Aloe Vera

The All-purpose Gel

Aloe vera, or commercial products containing aloe, are found in most American households. Aloe vera gel is widely used for the treatment of various skin conditions. Aloe-containing creams, gels, and ointments are used for minor burns, sunburn, cuts and abrasions, wounds, and frostbite. Aloe gel is also found in many shampoos, soaps, sunscreens, skin creams and other cosmetics that are used to soothe, heal, protect, and moisturize the skin..

Aloe vera is a stemless perennial evergreen plant belonging to the lily family. It is thought to have originated from northern Africa and the Arabian Peninsula. Today it is widely cultivated in southern Texas, Mexico, and coastal Venezuela.

The plant has about 15 to 20 succulent leaves growing in an upright dense rosette. The lanceolate-shaped, gray-greenish leaves contain irregular white marks. The leaves are thick and fleshy and measure about 15 to 20 inches in length. The leaf margins contain a row of pale teeth that are about one tenth of an inch long.

Aloe gel is a mucilaginous gel obtained from splitting open the center of the succulent leathery leaves of the aloe vera plant. The gel from the inner core of the leaf is rich in glucomannans and other polysaccharides.

Healing Properties

Recent studies have shown that aloe vera gel facilitates the healing of wounds and damaged skin tissue. It can decrease the redness and swelling associated with a burn. The gel also prevents skin damage resulting from exposure to ultraviolet radiation associated with direct sunlight. Applying aloe gel several times a day causes the redness of sunburn to disappear within a day or two without the skin peeling off. In addition, a cream containing aloe gel has been found to be effective in treating frostbite injury.

Topical use of a cream containing 0.5 percent aloe vera extract three times a day for four weeks has been shown to provide a high cure rate of the skin lesions in psoriasis patients. Further research suggests that aloe vera gel may also provide mild analgesic and anti-inflammatory effects. To date, there are no known adverse reactions or side effects with the topical use of aloe gel.

Raw or Processed Gel?

Some people may choose to grow a small potted aloe vera plant in their home. Aloe is a low-maintenance plant. It is very easy to grow, since it requires little water and almost no care. Having the household plant enables a person to break off or cut part of a leaf and obtain some freshly exuded gel to apply externally to a burn or wound as needed. This procedure is a safe and inexpensive treatment for minor skin complaints.

While fresh aloe gel is known to be effective for the treatment of minor skin ailments, there is doubt regarding the effectiveness of some aloe vera creams and ointments. The different commercially processed aloe products are known to have various ingredients. Much of the aloe gel on the market has been reconstituted from a powder or occurs as a “stabilized extract.” There is concern regarding the activity of some of these commercial products. Little is known about the stability of the active ingredients of aloe gel. In addition, some products that claim to contain aloe actually have so little aloe that they have no therapeutic value at all.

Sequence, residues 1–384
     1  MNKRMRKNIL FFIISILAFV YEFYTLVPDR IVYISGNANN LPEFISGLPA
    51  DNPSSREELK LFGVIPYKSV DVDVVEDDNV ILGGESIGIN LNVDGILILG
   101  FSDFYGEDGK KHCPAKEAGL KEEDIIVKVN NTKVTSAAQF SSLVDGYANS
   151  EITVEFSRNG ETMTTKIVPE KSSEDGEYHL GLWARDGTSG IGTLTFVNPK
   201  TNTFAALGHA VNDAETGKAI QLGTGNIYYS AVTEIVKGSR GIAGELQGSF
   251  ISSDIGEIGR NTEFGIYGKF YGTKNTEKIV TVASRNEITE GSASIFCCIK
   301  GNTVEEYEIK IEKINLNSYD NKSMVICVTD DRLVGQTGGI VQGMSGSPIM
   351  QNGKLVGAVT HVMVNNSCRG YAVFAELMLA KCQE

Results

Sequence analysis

Internal Risk

While aloe gel has successfully been used externally for skin problems, there is no support for the claims that aloe vera can successfully be used internally to treat coughs, allergies, and peptic ulcer. Internal use may actually cause nausea, vomiting, and diarrhea.

Caution

Aloe gel should not be confused with the drug aloe, which is widely used as a laxative for cases of constipation. The outer leaf tissue of aloe produces a bitter yellow juice that is usually sold as a dry powder. This powder contains a family of colored compounds, anthrones and anthraquinones, that provide purgative and antibacterial properties. This product should not be used by pregnant women or young children. It is also contraindicated in cases of acutely inflamed intestinal diseases such as Crohn’s and ulcerative colitis. Aloe has now been superseded by the less-toxic herbal laxatives cascara and senna.

The Bottom Line

Aloe vera is a very popular herbal remedy. The gel obtained from the center of the leaves of aloe vera provides useful healing qualities. The external application of the gel provides simple relief from common skin problems. On the other hand, the yellow juice from the outer margins is a potent laxative. The two extracts of the plant should not be confused.

Remember: Herbal products and dietary supplements can have pharmacological effects, may produce adverse reactions in some people, and could interact with over-the-counter and prescription medications you may take. Discuss with your physician your decision to use any herbal product. Anything mentioned in this article is not intended to diagnose, prescribe, or treat any ailment.

Winston J. Craig, Ph.D., R.D., is a professor of nutrition at Andrews University, Berrien Springs, Michigan.